And so on. Finally, we compared this to real-world problems. Anne-Marie’s point here is that when we’re talking about the complex problems we face in the world (wealth inequality, climate change, epidemics, you name it) none of these conditions hold true.
This is the point that Anne-Marie introduces the idea of ‘wicked problems’, as some of these global challenges have been described. The social scientists who formulated wicked problem theory in 1973 laid out a few characteristics of wicked problems:
1. There is no definitive formulation of a wicked problem.
2. Wicked problems have no stopping rule.
3. Solutions to wicked problems are not true-or-false, but good or bad.
4. There is no immediate and no ultimate test of a solution to a wicked problem.
5. Every solution to a wicked problem is a “one-shot operation”; because there is no opportunity to learn by trial and error, every attempt counts significantly.
6. Wicked problems do not have an enumerable (or an exhaustively describable) set of potential solutions, nor is there a well-described set of permissible operations that may be incorporated into the plan.
7. Every wicked problem is essentially unique.
8. Every wicked problem can be considered to be a symptom of another problem.
9. The existence of a discrepancy representing a wicked problem can be explained in numerous ways. The choice of explanation determines the nature of the problem’s resolution.
10. The social planner has no right to be wrong (i.e., planners are liable for the consequences of the actions they generate).
The key point here is that we frequently go about trying to solve these complex, fiendishly difficult real-world problems as if they were jigsaw puzzles.
It’s an interesting demo, and as Anna Birney from Forum put it, one of those cases where the best way to make a point is to use an analogy that is actually the exact opposite.
But in the event of actually rolling it out, we had an unexpected result. Mel Trievnor, hunting us down puzzles from op shops, wasn’t able to lay her hands on a 50 piece puzzle – instead, she dug us up a 500 piece puzzle. The result was that instead of a deliberately easy task (complete this puzzle in five minutes), the participants were given an impossible task.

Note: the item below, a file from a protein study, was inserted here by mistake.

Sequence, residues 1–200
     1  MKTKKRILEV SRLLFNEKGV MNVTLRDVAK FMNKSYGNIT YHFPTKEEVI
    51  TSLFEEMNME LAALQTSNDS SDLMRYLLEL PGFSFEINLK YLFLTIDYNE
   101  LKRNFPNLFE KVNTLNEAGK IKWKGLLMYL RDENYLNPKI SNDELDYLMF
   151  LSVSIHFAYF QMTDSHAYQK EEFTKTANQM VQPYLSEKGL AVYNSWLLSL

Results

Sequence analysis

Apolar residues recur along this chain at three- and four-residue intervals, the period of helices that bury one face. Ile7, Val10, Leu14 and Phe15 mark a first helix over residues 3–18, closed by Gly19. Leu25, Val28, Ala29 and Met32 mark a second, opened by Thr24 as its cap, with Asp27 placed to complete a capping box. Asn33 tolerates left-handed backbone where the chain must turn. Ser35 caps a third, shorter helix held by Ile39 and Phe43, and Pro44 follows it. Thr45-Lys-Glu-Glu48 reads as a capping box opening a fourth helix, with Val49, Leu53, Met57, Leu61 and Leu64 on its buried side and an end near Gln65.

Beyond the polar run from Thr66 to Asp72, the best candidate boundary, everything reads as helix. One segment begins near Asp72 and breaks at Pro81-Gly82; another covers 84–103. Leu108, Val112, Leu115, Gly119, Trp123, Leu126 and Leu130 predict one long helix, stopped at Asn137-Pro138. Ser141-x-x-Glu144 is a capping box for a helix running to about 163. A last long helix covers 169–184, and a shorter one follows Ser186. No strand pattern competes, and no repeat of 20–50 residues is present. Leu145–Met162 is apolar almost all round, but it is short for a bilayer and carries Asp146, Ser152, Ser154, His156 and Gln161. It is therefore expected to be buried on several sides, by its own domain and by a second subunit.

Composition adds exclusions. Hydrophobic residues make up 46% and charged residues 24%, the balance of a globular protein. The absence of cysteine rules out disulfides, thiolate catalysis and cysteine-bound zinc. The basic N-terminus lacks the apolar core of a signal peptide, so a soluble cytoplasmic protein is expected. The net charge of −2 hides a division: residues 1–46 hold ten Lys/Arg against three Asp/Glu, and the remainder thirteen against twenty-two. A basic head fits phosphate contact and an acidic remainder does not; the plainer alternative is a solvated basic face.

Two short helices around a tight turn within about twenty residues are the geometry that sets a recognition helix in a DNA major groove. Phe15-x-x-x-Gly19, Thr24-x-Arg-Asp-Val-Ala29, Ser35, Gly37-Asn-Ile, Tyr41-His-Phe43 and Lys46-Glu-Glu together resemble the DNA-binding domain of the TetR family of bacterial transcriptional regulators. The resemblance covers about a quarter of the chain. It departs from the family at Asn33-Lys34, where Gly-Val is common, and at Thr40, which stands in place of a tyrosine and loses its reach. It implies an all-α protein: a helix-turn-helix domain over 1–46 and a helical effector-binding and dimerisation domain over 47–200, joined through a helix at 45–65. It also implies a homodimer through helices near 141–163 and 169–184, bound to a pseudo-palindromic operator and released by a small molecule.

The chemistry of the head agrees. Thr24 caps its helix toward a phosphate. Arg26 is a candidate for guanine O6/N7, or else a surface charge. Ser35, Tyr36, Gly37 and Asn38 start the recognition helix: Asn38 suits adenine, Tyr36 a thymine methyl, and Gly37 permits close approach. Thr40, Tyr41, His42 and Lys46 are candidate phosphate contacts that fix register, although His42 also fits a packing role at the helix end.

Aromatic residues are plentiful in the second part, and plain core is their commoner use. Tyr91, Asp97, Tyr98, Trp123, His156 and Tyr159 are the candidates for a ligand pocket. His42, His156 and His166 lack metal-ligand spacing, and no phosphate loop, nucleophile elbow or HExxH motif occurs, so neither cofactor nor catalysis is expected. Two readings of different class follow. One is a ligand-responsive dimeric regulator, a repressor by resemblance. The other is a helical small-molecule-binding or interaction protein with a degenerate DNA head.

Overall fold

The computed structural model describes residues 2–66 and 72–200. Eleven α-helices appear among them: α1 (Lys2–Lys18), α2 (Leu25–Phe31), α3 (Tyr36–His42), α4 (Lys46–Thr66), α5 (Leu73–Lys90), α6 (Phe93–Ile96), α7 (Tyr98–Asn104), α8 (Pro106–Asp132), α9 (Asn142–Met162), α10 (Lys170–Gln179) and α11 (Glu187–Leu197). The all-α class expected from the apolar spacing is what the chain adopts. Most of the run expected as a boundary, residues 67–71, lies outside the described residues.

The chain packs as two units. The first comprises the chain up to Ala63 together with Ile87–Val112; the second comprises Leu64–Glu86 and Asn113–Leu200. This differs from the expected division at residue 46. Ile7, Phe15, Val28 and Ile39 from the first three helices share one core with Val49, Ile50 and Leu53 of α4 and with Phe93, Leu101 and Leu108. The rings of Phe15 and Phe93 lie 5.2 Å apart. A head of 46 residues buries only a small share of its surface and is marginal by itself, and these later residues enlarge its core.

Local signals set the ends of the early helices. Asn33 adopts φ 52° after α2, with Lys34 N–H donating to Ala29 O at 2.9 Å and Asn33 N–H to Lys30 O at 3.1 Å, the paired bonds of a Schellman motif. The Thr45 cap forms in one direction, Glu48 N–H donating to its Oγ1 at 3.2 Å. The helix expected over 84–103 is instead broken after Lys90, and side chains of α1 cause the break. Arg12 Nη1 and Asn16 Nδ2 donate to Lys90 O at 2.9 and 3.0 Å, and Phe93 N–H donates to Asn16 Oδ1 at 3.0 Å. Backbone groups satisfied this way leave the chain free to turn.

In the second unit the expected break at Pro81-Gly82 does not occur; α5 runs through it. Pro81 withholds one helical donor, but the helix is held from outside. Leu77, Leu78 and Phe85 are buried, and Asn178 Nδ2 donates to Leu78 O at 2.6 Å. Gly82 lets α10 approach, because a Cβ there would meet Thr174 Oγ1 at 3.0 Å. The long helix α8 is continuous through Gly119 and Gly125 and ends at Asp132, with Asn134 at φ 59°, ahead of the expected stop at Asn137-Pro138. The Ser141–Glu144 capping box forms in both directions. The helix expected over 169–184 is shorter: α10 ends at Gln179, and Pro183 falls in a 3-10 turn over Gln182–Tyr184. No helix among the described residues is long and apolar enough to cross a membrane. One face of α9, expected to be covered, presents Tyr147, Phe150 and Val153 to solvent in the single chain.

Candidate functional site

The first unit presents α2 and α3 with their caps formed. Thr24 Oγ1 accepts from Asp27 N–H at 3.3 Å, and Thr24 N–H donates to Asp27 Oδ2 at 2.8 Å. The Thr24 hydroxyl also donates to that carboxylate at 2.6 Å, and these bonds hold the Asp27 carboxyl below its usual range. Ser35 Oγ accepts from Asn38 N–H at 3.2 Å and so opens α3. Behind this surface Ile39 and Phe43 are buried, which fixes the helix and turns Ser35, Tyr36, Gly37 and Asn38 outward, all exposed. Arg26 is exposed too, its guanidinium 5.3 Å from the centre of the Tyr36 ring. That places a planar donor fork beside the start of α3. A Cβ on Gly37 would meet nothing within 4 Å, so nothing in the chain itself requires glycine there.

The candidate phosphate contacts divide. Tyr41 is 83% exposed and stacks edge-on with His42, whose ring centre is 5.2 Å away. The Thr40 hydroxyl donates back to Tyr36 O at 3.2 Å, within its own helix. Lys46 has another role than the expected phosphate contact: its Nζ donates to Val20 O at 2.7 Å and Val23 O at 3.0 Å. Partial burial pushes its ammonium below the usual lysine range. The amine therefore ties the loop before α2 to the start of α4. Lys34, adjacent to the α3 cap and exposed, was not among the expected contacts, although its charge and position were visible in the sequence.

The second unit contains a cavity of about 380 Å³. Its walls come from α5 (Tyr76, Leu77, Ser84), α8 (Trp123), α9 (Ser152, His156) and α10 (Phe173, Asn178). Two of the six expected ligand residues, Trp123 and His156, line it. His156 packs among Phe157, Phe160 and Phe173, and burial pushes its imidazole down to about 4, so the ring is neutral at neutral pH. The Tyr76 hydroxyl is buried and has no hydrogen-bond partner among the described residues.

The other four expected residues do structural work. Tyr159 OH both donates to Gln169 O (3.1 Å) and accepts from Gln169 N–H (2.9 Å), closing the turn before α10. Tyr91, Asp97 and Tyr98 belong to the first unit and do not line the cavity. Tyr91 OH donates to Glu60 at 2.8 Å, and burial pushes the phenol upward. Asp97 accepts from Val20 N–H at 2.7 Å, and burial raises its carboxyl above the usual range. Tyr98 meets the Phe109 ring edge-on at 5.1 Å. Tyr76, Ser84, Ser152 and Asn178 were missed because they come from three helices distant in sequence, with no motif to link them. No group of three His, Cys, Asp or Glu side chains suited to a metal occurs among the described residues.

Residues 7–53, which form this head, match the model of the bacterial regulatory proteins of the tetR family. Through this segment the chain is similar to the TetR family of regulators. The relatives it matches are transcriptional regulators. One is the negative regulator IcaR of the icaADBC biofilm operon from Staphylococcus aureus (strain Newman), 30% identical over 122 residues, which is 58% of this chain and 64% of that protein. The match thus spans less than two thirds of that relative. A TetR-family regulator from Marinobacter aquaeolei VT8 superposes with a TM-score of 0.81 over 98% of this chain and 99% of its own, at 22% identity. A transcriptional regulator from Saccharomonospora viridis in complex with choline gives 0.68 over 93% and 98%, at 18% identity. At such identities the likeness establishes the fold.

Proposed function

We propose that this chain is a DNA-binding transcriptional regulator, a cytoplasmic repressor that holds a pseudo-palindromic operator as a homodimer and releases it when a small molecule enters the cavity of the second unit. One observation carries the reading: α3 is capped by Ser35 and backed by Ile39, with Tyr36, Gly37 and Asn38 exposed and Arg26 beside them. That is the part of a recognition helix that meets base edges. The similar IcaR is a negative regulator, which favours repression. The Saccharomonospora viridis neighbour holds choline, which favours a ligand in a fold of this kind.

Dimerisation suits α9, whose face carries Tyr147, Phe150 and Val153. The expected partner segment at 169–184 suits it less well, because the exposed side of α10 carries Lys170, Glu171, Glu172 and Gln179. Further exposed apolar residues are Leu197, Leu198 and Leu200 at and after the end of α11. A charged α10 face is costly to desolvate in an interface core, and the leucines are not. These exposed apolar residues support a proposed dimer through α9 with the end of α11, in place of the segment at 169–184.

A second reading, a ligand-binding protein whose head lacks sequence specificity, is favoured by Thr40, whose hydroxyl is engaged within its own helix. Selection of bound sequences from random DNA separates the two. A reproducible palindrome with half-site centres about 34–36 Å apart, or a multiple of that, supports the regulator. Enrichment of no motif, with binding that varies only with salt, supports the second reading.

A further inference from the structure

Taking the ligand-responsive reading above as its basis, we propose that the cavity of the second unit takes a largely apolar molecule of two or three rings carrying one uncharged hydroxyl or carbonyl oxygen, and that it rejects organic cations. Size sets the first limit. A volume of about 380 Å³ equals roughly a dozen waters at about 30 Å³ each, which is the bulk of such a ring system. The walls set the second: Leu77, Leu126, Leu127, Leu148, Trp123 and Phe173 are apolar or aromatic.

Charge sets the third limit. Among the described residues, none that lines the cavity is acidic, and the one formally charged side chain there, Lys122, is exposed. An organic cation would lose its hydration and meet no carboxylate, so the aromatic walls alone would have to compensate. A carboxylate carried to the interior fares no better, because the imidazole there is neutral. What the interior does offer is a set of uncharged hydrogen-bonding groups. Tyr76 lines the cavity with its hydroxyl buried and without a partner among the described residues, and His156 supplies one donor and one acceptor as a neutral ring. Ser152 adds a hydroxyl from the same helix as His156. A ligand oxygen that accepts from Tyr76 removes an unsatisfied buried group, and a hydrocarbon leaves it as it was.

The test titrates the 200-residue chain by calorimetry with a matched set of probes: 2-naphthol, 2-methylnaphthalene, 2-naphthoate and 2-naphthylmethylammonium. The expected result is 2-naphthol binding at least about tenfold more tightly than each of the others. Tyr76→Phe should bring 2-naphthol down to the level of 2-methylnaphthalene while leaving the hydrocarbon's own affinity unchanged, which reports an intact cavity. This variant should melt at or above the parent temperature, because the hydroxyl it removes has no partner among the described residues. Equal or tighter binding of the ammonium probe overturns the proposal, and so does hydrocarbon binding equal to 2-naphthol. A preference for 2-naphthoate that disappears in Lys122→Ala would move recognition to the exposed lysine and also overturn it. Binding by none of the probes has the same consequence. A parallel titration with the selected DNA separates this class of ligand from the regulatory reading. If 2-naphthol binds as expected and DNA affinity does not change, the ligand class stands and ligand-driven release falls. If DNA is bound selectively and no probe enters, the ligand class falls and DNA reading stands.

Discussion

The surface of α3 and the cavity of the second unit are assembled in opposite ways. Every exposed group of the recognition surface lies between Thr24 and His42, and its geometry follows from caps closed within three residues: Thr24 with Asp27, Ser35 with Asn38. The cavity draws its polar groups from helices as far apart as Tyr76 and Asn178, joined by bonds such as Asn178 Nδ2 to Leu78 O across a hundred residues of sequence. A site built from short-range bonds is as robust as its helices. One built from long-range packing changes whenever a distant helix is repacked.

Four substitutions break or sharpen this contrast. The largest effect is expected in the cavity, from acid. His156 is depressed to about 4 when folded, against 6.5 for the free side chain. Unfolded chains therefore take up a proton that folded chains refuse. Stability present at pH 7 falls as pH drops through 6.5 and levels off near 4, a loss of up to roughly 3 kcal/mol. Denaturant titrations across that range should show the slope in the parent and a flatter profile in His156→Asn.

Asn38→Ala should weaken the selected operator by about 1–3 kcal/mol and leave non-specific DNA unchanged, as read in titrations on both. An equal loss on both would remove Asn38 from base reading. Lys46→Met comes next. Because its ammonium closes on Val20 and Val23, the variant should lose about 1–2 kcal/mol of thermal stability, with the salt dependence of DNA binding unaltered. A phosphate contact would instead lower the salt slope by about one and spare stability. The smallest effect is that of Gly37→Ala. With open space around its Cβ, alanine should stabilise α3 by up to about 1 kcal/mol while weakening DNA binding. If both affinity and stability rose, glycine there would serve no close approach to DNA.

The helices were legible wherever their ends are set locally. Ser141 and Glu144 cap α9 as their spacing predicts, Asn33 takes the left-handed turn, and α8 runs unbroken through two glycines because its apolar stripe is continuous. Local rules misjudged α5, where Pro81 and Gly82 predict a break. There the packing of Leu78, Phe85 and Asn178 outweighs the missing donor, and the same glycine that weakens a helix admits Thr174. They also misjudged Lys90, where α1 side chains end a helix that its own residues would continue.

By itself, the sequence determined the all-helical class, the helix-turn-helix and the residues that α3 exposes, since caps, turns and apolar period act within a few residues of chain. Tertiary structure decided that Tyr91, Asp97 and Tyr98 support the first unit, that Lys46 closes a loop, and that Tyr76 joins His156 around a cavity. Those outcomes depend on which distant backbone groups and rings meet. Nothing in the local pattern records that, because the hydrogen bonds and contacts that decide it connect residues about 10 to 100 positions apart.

I got each of the three groups to tackle it in phases – do as much as you can, leave the remainder for the next group. And in three rounds, they actually got a surprising amount of the picture completed.
The rest of the activity worked more or less as planned – but there was an interesting frisson in giving people a basically impossible task, and then seeing how far they managed to get. Participants are at first dismayed, and then kinda shrug, roll up their sleeves, and go for it. It’s an interesting vibe, and there may be something more to it.
The interesting learning moment for me came in the debrief. Anna got the participants to reflect on what they’d taken from the event. One woman commented, ‘The jigsaw activity gave me hope, working in shifts as we were, because it reminded me that when we’re faced with massive problems like climate change, we don’t need to solve the whole thing – we can’t – but we can work on our bit, and the people that come after us can pick up where we left off.’
I thought that was a really nice reflection, and an encouraging and thoughtful takeaway from the activity.
Then another woman spoke up and said, ‘No, you’ve completely misunderstood. The whole point was that with complex problems, you can’t just pick up where the last generation left off – the whole problem has changed, the pieces have changed, the picture’s changed, the goals have changed, the rules have changed. We’re not working towards a single multi-generation solution, we’re working in a massive, complex, ever-evolving system that completely flips the rules on us all the time, but which we can never stop doing our best in because we can’t afford to just let it run off the rails.’
As soon as she said it, I realised she was right, and while bleak, it was probably a better diagnosis of the situation. And I then had to reflect on the fact that even facilitating the exercise, delivering the moral, I managed to kinda miss the point of it.
(the lesson is, missing the lesson: what’s the lesson in that?)